This was a 9 day trip to Bali, Komodo National Park and Ijen volcano that my husband and I went on in September of 2017.
Our trip expenses were THB 42,000- this includes all expenses (food, internal flights, accommodation, tickets etc) for a couple, except for international flights.
Our Indonesia trip. We started at mumbai and flew in to Bali (Denpasar). We actually got ourselves some pretty cheap tickets, 20k INR round trip. Not bad. The flight was uneventful, we only had carry on bags . The check in staff did make sure they were under the 7 kg limit! We had a short stopover at Kuala Lumpur on both flights, and then straight to Denpasar.
On landing at the airport in the evening, the first thing we saw were the enormous immigration lines! It took us about two hours (!!) to get through it. INdians are visa exempt, in fact most people coming to Bali would have been visa exempt. So all my plans of getting to our hotel in Ubud soon and maybe having a quick stroll around the Ubud market area were stopped right there.
As soon as we got out of the airport, the first thing we did was buy a sim card for each of us from the nearest convenience store, right outside the arrivals gate. I don’t remember how much it cost us, but it was fairly inexpensive for data+ voice calling.
One thing to note was that my MI Redmi phone did not support the 3g/4g band in Indonesia, so perhaps check on that before making a trip, if fast internet is important for you. Fortunately it worked fine on my husband’s phone, so that was enough for all our google maps needs. Neither of us are very avid users of social media.
Once we had our sim cards, our next step was to get a cab to our hotel booking in Ubud. Ubud is a quaint little interior area of Bali, about an hour away from the Airport, which lies in the south part of Bali. We booked an Uber, since Uber indonesia offered some discounts to first time users. Was reasonably straightforward, although it took a little while to explain to the driver where we were, considering he spoke pretty basic english only.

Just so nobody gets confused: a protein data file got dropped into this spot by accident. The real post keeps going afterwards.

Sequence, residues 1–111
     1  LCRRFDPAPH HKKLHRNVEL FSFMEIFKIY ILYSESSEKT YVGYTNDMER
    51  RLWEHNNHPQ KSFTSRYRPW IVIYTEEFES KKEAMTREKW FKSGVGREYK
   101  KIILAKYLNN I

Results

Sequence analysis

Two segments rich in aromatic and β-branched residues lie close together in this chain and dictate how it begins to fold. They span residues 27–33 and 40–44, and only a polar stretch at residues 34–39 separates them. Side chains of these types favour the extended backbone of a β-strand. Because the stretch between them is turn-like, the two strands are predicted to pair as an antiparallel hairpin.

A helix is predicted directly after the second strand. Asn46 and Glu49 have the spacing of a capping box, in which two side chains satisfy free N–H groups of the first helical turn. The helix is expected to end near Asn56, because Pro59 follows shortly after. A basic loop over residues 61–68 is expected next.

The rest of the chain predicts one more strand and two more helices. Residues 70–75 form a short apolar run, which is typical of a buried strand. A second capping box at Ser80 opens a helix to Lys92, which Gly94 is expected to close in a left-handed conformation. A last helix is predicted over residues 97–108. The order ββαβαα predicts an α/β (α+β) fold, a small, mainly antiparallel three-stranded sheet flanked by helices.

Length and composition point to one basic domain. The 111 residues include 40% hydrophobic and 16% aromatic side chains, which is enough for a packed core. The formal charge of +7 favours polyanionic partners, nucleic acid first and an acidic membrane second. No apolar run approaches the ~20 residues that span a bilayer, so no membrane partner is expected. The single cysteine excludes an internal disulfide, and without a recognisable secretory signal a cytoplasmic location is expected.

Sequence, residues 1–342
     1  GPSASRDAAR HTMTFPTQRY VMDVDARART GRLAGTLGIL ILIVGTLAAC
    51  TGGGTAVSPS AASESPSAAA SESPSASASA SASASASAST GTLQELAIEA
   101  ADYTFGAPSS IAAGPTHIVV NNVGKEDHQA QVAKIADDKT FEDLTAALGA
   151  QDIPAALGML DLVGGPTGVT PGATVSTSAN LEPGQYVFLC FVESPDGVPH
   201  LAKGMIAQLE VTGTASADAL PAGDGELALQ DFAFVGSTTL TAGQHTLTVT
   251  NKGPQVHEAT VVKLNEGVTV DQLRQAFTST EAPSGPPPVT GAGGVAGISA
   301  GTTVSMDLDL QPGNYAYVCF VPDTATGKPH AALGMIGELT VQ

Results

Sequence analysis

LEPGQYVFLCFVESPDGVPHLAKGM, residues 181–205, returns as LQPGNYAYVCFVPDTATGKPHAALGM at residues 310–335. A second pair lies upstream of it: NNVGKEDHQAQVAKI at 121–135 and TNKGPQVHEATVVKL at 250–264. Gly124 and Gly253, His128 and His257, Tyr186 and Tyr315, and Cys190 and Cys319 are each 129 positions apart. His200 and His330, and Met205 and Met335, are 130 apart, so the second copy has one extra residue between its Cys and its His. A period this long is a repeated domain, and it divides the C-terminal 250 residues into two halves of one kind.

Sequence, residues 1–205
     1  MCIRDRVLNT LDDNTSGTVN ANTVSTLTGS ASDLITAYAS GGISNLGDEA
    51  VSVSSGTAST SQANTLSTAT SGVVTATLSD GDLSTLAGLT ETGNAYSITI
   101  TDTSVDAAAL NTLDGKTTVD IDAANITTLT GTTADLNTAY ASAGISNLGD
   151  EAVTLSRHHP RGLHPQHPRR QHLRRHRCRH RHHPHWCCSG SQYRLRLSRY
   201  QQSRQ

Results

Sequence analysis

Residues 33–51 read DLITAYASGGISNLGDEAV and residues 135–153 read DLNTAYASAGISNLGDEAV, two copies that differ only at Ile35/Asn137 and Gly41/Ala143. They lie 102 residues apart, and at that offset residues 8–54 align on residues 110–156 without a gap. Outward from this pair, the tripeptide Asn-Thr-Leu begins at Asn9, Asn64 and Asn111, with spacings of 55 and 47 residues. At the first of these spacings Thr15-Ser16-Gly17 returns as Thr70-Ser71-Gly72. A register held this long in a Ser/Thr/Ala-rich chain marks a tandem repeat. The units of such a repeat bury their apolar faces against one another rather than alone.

We got to our hotel in Ubud- Chili ubud cottage. Cute little breakfast-included place. The rooms were individual cottages that were arranged around a small pool. The pool looked nice, but as usual, I was feeling far too cold to actually use it. The small area was very green, and they even had a few of their namesake chilli plants in one corner. The decor was like everywhere else in Ubud- very green, lots of bamboo structures, firangipani flowers of different colors everywhere, lining the roads. That typical balinese bamboo music playing everywhere really created quite an atmosphere. It really seemed like this was the standard Balinese decor for any hotel or restaurant.
The hotel had a scooter we could rent at 60,000 IDR/day, which we booked for the next day. After our long and tiring day of travel, we only went to sleep that day.
The next morning after a simple breakfast of rice or noodles, we took our scooter out and headed off to Telagang Rice terraces. We had a lovely time walking around the scenic terraces. The whole of Bali had a number of rice fields that looked inviting, but these particular ones were on a particularly hilly part, making the terraces very scenic. The rice patches were still flooded with water and the whole place was green and soggy, with coconut trees dotting the terraces. It seemed to be a pretty popular spot as we were far from the only tourists there, but it was still pretty.
We walked around quite a bit and once we ventured out to some of the further trails inside, the number of tourists thinned out as well. We had some refreshing (and overpriced!) coconut water at a small hut inside the fields, and walked back to our scooter.